The ankle is undoubtedly one of the joints that causes the most problems for soccer players because it is where all the weight of the body rests and where a great deal of tension accumulates due to kick-offs, runs and, above all, ball strikes.
For this reason, as a soccer player you must take great care of your ankles as they could keep you out of action for several weeks. In this article we present the most common ankle joint injuries and how to treat them with the PRICE therapy in the first moments after they occur.
What are the most common types of ankle injuries when playing soccer?
Below you will learn about the main ailments that affect soccer players in this joint, so that you will know how to identify them when you suffer one of them.
Occurs when the ankle is twisted in an unusual way, causing the ligaments to be stretched to breaking point, causing swelling and pain in the area. This injury is the most common for soccer players, as they overexpose the joint to aggressive tackles from opponents.
This injury has 3 levels of severity:
- First-degree sprain: this is an overstretching of the ligament causing small microscopic tears. The athlete usually has pain, swelling, bruising and difficulty moving the joint.
- Second degree sprain: is the partial rupture of the ligament, in turn causing mild pain and swelling, preventing movement and difficulty in supporting the foot, involving a recovery period of several weeks.
- Third-degree sprain: complete rupture of the ligament, this is one of the most serious injuries, with symptoms such as acute pain, bruising, instability of the ankle and inability to bear weight. This type of injury requires immobilisation of the foot and may also require surgery and physiotherapy, with a recovery period of approximately six to eight weeks.
Peroneal tendon injury
The peroneal tendons are tissues that run through the ankle and allow us to keep us stabilised and free from sprains. Injuries to these tendons are directly related to a sprain generated by strong tackles from opponents that can damage them causing them to tear partially or completely.
Another common injury is tendonitis, a common injury in soccer players, which is characterised by inflammation of one or both peroneal tendons, which become overloaded due to the wear and tear and stress they accumulate from the constant running and kicking players do in each match.
Achilles tendon tendonitis
The Achilles tendon is the thick, fibrous cord that connects the calf muscles to the calcaneus. Tendonitis occurs when it becomes inflamed or irritated, either from a blow from an opponent or from accumulating wear and tear after several matches in a relatively short period of time.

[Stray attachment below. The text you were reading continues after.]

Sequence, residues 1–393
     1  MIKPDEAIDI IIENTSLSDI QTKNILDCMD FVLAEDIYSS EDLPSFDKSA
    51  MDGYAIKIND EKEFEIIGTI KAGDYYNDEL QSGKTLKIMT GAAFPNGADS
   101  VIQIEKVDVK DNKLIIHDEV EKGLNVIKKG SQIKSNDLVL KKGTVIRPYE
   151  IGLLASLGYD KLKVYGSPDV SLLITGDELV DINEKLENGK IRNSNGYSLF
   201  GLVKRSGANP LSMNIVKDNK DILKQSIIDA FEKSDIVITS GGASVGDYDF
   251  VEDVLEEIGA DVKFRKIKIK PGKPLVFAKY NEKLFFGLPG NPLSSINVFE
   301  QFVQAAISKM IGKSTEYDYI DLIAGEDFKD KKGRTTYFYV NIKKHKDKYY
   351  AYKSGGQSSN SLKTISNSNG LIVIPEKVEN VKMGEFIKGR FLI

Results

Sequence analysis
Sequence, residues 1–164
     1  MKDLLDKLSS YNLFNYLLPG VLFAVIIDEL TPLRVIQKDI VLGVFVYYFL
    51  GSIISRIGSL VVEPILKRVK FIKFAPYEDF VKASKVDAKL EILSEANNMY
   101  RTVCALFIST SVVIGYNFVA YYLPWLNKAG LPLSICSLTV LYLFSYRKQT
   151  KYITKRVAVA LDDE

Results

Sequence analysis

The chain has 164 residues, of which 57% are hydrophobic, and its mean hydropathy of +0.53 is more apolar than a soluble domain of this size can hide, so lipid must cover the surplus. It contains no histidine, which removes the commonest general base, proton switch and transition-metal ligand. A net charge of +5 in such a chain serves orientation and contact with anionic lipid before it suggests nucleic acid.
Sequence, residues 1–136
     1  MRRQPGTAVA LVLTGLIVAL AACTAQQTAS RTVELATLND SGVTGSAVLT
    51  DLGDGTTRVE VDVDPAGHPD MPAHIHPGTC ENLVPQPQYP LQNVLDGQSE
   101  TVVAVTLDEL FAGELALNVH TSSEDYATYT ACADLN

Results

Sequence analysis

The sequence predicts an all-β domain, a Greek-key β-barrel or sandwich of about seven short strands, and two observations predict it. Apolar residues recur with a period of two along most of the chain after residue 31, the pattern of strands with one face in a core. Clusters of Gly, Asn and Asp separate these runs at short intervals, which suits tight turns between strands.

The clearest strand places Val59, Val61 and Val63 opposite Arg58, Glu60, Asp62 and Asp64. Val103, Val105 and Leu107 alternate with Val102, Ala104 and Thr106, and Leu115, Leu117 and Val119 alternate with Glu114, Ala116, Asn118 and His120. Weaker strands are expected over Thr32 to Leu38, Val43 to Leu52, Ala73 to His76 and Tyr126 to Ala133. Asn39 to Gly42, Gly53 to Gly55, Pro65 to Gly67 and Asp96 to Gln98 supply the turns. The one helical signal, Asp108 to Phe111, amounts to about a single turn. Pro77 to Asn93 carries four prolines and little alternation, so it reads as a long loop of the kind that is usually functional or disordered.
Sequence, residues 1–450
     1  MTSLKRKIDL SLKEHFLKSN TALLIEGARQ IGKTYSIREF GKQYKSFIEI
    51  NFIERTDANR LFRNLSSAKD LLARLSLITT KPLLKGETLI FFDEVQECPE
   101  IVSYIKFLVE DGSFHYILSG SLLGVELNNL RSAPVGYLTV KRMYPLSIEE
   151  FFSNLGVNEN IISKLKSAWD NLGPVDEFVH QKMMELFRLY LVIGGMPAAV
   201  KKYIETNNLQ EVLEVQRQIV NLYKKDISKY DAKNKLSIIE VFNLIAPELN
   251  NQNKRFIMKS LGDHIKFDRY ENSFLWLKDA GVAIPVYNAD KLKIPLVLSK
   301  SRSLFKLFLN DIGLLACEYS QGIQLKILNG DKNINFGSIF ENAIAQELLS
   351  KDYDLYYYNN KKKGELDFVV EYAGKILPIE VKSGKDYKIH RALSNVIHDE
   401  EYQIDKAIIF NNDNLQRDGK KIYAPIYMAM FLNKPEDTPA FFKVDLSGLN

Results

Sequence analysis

The most obvious symptom is a sharp, constant pain at the base of the calf that requires a lot of rest to heal before resuming competitive activity.
The ankle as a joint is composed of a ring that allows the connection between the talus, tibia and fibula. Within this ring stability is provided by 2 bones; the medial malleolus of the tibia and the lateral malleolus of the fibula. When one of these two bones is fractured, the ankle loses stability and generates inflammation and acute pain that does not even allow walking.
This injury is very common in soccer and can be caused either by a very violent tackle by an opponent or by a bad landing after a jump to dispute a divided ball. Depending on the extent of the injury, it may require immobilisation in a cast, or reconstructive surgery if the joint is completely broken.
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How to apply the RICE therapy to treat ankle injuries in soccer players?
The RICE therapy is a series of steps that a person must follow after sustaining an injury. The aim is to alleviate the first symptoms of the injury so that the inflammation and pain are tolerable. This method received an update called PRICE which stands for: Protection, Rest, Ice, Compression and Elevation.
- Protection: the ankle is bandaged or even splinted in the case of a fracture. This prevents further blows or sudden movements that could aggravate the injury.
- Rest: stopping physical activity will be essential to prevent an unfortunate movement from worsening the condition of the ankle. Even walking should be done with the assistance of crutches.
- Ice: ice is used to reduce swelling by applying a cold compress to the side of the ankle that is most affected and swollen.
- Compression: Compression is applied so that the inflammation does not continue to progress and to maintain the stability of the joint so that no further damage is caused. This can be done either with a bandage or with a compression ankle brace.
- Elevation: Finally, the foot of the injured ankle is elevated so that the blood supply is reduced and the swelling does not continue to progress.
This therapy should only be used as first aid or therapy for minor injuries such as first degree sprains. What we should do is go to our doctor to have the injury analysed and determine the most effective treatment possible.
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